Science at the EPA?
Wednesday's hearings before the Senate, Lisa Jackson made it clear that science would play a prominent role at the EPA if she is confirmed as the agency's new head. Why is this newsworthy? In the past, science has taken a backseat to politics, which can be dangerous for several reasons.
For an agency charged with protecting the environment, considerations like public health and environmental quality should come first. When politics and special interests trump science, the public health and the environment suffer at their expense.
Ignoring science is also a recipe for letting small problems become big problems. For instance, if regulators fail to protect species with declining populations, the species can move to the verge of extinction. Bringing a species back from that point is almost never cheaper than preventing it in the first place. The same holds for protecting drinking water sources - once they become contaminated, restoration is more expensive than protection.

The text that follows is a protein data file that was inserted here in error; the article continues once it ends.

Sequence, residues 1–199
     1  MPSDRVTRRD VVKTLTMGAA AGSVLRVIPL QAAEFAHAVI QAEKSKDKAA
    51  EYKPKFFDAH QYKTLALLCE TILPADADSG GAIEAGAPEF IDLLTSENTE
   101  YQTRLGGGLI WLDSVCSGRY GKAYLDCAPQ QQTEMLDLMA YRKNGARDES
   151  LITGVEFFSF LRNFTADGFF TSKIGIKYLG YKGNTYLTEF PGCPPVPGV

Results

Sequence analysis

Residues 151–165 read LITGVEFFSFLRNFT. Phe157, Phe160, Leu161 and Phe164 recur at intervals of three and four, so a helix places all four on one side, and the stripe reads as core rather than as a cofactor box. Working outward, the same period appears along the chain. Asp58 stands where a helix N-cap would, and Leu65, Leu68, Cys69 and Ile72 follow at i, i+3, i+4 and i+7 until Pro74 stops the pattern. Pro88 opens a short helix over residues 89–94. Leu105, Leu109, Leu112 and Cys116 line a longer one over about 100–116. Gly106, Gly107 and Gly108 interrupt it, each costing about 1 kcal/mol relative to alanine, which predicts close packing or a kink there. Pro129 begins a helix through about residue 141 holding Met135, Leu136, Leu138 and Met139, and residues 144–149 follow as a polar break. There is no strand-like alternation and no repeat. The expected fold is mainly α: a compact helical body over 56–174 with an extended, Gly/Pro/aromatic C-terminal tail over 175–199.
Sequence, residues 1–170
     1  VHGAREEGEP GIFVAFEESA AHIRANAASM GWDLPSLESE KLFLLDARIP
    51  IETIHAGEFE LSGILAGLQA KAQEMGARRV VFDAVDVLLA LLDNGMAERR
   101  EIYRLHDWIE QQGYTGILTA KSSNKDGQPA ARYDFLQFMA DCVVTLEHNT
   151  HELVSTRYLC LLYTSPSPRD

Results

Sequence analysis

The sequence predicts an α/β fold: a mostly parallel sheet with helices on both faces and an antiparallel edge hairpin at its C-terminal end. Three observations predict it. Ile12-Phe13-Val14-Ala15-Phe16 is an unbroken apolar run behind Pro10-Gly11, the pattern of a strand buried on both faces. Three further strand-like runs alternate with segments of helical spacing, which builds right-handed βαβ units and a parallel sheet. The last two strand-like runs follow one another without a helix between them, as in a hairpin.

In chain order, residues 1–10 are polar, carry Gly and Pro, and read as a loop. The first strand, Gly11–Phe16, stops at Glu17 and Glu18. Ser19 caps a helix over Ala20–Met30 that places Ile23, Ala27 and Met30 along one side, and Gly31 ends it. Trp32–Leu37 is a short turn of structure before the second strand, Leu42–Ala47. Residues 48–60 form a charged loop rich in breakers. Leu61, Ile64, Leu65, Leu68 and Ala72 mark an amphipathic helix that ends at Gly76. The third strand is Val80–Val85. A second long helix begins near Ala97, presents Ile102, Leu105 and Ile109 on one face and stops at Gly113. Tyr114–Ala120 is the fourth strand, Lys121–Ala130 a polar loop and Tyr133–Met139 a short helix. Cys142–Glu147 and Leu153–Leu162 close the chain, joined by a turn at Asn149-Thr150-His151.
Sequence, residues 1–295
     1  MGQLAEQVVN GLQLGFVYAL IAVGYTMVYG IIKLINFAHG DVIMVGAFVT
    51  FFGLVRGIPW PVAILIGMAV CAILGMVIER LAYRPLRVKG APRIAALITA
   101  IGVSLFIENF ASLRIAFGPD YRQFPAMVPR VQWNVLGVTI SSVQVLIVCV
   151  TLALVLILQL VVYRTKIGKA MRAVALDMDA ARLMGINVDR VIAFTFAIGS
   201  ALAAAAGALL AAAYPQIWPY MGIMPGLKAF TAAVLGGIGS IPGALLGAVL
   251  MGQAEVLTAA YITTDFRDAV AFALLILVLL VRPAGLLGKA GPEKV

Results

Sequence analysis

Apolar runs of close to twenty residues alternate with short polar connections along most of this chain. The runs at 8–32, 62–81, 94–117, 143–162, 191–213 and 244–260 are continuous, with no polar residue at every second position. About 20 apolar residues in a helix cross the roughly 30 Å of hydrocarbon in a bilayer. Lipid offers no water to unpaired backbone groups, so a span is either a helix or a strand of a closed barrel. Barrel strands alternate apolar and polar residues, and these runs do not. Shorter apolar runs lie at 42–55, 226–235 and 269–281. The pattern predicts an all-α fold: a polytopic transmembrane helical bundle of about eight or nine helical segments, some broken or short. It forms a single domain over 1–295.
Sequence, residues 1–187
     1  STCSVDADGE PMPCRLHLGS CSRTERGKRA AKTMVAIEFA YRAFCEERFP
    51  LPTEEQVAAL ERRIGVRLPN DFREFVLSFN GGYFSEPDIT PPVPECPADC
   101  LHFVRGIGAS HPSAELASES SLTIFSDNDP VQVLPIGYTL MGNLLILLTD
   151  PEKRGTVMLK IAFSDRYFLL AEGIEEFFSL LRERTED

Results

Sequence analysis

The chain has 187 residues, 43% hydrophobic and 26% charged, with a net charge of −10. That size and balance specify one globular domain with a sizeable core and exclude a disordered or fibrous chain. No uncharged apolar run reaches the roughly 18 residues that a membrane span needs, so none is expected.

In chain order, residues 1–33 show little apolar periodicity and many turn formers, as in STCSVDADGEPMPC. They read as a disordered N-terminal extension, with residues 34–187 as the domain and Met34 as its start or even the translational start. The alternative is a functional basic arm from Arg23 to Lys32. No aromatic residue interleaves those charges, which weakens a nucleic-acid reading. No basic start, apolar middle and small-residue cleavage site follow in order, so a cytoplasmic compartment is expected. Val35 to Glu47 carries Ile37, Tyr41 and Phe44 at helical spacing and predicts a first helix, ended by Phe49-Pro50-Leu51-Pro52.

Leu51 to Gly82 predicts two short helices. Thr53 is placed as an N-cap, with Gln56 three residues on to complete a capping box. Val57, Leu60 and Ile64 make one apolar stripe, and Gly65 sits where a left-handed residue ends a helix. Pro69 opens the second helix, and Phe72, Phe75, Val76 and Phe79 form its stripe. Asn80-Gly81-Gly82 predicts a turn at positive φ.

Science also represents the most objective approach possible. Whether it's determining safe levels of mercury in seafood or the impact of air pollution on children's health, the scientific method is the best way to find the answer. When industries or lobbying groups override empirical facts, the long-term interests of the American public inevitably suffer.
Making science a priority for scientists? That's change both parties can agree on.